1. Links to commercial sites are heavily discouraged (WP:SPAM). Having said that, it is recognised that sometimes the only source of a cite is a commercial website.
2. Wikipedia is an encyclopedia not a 'how to' manual (WP:NOHOWTO).
Thank you for your interest in improving the article. 86.166.70.84 (talk) 15:59, 29 September 2012 (UTC)

Clarification needed[edit]

In the Roller Doors section, there is reference to "an aluminium lathe filled with urethane foam for thermal and acoustic insulation." Like the rest of the article, there's no reference to check up on this. I'm pretty sure lathe is a misprint for lath, but I don't live in the UK or EU, aluminium would be a strange material to use for a lath (especially one that's intended to hold thermal insulation), and I've never seen a garage door that fits this description. Maybe someone who understands this construction can both find a reference, and fix the terminology. I assume urethane really means polyurethane? Larry Doolittle (talk) 06:59, 23 February 2014 (UTC)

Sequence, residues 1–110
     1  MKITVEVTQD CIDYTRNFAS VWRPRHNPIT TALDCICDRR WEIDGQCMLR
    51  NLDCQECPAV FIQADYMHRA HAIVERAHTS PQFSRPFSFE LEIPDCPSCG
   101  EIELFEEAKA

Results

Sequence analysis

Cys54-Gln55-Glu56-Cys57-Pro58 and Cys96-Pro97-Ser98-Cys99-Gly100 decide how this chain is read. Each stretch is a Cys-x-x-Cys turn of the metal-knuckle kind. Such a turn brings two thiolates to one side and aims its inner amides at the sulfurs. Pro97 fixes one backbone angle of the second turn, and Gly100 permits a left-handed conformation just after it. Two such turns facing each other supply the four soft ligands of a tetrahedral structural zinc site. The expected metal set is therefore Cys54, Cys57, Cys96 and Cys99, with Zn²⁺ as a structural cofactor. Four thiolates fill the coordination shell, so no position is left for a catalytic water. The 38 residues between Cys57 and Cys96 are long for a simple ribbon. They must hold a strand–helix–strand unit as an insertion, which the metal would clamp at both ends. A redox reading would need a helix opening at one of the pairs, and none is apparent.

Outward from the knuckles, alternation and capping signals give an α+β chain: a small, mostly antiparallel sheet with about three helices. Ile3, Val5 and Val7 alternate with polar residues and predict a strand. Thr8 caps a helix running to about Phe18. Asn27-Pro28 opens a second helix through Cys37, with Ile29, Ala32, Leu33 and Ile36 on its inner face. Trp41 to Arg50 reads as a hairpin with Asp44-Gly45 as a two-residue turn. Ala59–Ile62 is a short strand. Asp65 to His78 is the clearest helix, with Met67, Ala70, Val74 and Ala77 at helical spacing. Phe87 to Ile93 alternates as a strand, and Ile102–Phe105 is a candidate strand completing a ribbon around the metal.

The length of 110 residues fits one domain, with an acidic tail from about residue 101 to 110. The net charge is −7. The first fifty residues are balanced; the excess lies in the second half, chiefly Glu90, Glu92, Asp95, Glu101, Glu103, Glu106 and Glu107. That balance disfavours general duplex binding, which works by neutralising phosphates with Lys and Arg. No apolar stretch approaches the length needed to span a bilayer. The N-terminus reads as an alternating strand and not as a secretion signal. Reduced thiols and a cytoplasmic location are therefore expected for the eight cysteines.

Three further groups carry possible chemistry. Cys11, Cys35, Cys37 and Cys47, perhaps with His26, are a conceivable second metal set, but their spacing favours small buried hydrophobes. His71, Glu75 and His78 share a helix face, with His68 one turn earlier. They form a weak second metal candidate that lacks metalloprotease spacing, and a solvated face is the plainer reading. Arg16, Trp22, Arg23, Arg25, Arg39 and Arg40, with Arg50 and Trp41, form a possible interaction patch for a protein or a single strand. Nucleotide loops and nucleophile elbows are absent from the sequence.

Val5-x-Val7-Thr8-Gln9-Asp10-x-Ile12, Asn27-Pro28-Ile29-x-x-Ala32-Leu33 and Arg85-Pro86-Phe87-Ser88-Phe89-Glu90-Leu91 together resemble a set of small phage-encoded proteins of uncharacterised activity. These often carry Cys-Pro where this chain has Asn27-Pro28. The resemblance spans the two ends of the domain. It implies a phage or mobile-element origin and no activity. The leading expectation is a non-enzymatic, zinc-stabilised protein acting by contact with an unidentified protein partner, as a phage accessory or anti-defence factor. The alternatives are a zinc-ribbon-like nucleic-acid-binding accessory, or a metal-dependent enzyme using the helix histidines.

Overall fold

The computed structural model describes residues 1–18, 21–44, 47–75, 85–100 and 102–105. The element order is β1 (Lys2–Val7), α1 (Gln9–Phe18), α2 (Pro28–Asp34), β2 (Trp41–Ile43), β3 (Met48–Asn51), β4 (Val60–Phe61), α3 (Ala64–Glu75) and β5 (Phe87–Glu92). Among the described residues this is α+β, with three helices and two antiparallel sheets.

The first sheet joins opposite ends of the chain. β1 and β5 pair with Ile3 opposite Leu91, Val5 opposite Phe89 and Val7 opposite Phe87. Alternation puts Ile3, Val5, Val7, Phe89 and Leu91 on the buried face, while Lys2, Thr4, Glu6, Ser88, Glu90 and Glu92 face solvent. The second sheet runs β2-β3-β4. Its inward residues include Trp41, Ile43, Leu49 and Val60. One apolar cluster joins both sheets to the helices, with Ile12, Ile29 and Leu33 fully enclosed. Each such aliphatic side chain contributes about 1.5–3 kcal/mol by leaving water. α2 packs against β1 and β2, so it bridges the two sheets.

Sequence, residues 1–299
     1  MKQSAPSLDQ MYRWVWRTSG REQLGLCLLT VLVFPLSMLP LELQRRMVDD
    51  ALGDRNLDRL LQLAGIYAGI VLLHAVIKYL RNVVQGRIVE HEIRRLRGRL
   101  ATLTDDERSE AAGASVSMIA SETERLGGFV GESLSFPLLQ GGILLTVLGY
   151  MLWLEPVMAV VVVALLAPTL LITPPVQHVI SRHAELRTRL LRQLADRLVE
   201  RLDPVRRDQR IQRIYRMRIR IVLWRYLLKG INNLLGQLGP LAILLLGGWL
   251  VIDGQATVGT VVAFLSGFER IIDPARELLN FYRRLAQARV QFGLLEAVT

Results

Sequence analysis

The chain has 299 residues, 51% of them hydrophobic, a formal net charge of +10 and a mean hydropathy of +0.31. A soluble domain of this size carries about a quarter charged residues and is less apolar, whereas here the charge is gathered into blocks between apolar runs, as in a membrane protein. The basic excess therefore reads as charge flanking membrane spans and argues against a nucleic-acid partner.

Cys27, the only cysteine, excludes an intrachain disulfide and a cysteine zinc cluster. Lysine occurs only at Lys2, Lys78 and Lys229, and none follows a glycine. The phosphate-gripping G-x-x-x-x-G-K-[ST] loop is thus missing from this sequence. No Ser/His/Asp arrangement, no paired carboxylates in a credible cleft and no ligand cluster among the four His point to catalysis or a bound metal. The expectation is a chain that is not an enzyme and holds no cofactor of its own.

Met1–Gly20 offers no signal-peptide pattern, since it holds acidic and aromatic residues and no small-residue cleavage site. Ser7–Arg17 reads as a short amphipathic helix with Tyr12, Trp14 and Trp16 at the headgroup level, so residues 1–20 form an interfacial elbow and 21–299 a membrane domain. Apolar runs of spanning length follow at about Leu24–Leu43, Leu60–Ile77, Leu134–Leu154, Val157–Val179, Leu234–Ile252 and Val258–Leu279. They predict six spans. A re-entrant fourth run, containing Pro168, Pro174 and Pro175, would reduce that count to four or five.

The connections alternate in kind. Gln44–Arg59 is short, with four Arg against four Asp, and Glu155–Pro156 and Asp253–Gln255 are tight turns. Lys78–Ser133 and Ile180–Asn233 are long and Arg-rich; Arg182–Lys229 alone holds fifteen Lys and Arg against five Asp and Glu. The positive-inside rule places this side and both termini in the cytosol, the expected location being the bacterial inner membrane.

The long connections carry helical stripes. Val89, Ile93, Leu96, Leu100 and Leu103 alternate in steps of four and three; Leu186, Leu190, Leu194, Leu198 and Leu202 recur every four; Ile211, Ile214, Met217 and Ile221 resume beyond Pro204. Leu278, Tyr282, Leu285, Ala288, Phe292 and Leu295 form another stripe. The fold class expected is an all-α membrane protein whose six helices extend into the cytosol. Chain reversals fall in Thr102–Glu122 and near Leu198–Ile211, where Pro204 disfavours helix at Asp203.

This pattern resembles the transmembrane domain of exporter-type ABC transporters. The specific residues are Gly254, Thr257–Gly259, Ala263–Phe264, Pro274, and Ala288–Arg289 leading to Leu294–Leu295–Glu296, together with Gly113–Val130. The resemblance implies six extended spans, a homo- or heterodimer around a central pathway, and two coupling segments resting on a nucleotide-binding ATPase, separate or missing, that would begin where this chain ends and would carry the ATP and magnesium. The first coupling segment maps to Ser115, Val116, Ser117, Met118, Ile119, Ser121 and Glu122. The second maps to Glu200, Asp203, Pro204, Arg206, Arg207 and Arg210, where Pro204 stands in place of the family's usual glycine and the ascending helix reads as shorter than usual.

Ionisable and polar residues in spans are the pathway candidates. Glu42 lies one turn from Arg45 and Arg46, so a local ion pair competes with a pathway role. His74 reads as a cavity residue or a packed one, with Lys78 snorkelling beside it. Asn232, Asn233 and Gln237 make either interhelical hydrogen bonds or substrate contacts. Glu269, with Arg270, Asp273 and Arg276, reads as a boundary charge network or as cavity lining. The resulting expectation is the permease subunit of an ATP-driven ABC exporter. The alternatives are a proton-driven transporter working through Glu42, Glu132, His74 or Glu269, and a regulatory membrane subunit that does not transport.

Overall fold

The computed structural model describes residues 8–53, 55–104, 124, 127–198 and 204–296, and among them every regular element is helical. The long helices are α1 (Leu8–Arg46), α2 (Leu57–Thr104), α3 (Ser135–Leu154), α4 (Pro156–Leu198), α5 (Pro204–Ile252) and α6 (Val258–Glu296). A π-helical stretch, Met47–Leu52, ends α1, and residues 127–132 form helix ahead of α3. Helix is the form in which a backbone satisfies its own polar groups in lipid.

Garage Door Spring[edit]

Garage Door Spring - A torsion tension spring is located above the garage door (in closed position). This metal coiled elastic wire holds tension when wound and unwound provides energy for a controlled motion for an opening closing garage door. It holds energy and distributes energy through the motion of twisting. It is a dangerous procedure to replace torsion springs that should be done by a garage door professional technician. The correct springs for the correct door weight will give the appropriate balance. The spring allows the door to open and close. It holds the weight of the garage door and allows the door to be extremely light for manual operation or with a garage door opener. Visit us on the web for more information — Preceding unsigned comment added by Absolutegd (talkcontribs) 20:01, 25 March 2014 (UTC)

Garage Entry Door[edit]

Perhaps a mention and picture explaining what to call the door humans go through is warranted. I came here looking for the term/words for it. http://oi63.tinypic.com/122ya00.jpg foobar (talk) 21:04, 25 July 2016 (UTC)